In 2010, TUCTA advised workers to air their grievances peacefully around May Day and proposed an indefinite general strike in protest at the government's failure to increase the minimum wage. President Jakaya Kikwete threatened striking workers with expulsion or legal action, claiming the strike was illegitimate because the trade unions were still in negotiations with the government, and TUCTA called off the strike.
Industrial action has also been organised in recent years by the Tanzania Mining and Construction Workers Union's (TAMICO) in the Bulyanhulu Gold Mine as part of an ongoing dispute with Barrick Gold Tanzania. 1,000 of the 1,971 mine workers walked off in October 2007 calling for better pay and conditions.
$2.5 billion of gold has been exported in the last five years, yet 33% of Tanzania's 46 million population still live on less than $1.25 a day. The government has reportedly only accrued about $21 million a year in royalties.
These moves towards strike action as a key tactic of the labour movement in Tanzania highlight unions’ protracted struggle against international capital with which CCM has aligned itself since the introduction of the World Bank’s structural adjustment policies at the end of the 1980s.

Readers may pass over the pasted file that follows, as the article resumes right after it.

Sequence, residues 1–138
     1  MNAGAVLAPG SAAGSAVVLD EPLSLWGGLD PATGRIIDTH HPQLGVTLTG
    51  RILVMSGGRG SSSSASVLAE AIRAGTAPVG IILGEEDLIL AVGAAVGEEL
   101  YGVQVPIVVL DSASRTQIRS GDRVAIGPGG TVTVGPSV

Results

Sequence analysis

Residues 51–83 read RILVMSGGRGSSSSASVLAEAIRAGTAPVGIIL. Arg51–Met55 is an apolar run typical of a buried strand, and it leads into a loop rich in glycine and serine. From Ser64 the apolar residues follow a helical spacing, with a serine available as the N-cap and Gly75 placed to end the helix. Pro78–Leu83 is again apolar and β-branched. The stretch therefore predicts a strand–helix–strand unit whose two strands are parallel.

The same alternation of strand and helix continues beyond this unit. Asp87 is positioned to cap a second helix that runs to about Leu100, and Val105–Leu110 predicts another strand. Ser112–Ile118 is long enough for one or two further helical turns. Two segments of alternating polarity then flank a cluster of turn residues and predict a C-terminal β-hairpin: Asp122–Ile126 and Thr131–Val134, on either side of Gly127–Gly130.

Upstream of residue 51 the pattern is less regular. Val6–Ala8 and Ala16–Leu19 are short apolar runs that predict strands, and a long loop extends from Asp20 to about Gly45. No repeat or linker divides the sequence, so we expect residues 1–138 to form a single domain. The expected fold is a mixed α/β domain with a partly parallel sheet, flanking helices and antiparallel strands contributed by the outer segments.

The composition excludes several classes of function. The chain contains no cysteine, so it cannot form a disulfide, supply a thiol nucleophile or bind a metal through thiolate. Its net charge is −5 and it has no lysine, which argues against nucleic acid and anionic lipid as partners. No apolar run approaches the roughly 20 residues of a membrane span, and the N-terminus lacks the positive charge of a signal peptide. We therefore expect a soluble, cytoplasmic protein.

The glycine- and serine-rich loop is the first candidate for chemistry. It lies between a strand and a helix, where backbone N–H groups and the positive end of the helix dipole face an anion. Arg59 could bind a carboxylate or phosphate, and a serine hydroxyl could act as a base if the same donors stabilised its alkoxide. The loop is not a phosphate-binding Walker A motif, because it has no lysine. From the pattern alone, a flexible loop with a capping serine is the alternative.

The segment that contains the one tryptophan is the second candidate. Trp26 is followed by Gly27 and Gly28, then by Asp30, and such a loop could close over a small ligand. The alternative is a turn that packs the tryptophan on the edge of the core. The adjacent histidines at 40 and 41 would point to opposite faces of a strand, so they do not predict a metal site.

These neoliberal policies shrunk the state and, by liberalising prices, led to further inequality and poverty, forcing unions to engage not only with the government but also with the forces of global capital to protect and promote workers' rights and demands.
As it stands now, neither the government nor unions can afford the possibility of prolonged industrial fall-out. The government cannot afford to lose face in the build-up to the 2015 elections, which many believe will be the closest fought since independence in 1961. The CCM has maintained political dominance for 50 years, but it is far from united, and with divisions likely to grow, CHADEMA could take advantage as the 2015 elections approach.
The unions, on the other hand, cannot afford to continue an indefinite strike both for financial reasons and in terms of public opinion. Tanzanian unions face scarce resources and lack a unified vision for 21st century unionism free from the shackles of state control.
Furthermore, in the eyes of many workers, unions are corrupt appendages of the political system. Many trade union officials grew up under state control and old habits die hard. And with many believing that financial corruption and laundering amongst union leaders is prevalent, a significant proportion of workers simply choose to operate un-unionised.
As international capital takes an ever deeper foothold in Tanzania and the government continues to refuse public sector workers' demands, inequalities and injustices could become amplified. With a greater degree of political space open, the trade union movement has an opportunity to cast off its old cosy tactics, take advantage of the situation and represent workers interests more stridently in Tanzania's emerging political economy.